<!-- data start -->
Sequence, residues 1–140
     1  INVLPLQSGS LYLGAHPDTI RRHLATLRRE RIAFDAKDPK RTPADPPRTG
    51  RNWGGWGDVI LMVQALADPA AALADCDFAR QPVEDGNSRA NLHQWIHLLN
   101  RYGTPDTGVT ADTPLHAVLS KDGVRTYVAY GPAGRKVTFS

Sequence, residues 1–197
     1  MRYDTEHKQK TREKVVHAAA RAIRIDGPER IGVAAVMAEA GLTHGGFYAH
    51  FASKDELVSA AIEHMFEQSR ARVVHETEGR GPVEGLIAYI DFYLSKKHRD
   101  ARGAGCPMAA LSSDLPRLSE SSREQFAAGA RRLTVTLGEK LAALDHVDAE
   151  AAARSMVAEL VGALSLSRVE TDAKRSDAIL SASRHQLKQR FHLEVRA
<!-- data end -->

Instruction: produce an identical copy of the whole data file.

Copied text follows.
Sequence, residues 1–140
     1  INVLPLQSGS LYLGAHPDTI RRHLATLRRE RIAFDAKDPK RTPADPPRTG
    51  RNWGGWGDVI LMVQALADPA AALADCDFAR QPVEDGNSRA NLHQWIHLLN
   101  RYGTPDTGVT ADTPLHAVLS KDGVRTYVAY GPAGRKVTFS

Sequence, residues 1–197
     1  MRYDTEHKQK TREKVVHAAA RAIRIDGPER IGVAAVMAEA GLTHGGFYAH
    51  FASKDELVSA AIEHMFEQSR ARVVHETEGR GPVEGLIAYI DFYLSKKHRD
   101  ARGAGCPMAA LSSDLPRLSE SSREQFAAGA RRLTVTLGEK LAALDHVDAE
   151  AAARSMVAEL VGALSLSRVE TDAKRSDAIL SASRHQLKQR FHLEVRA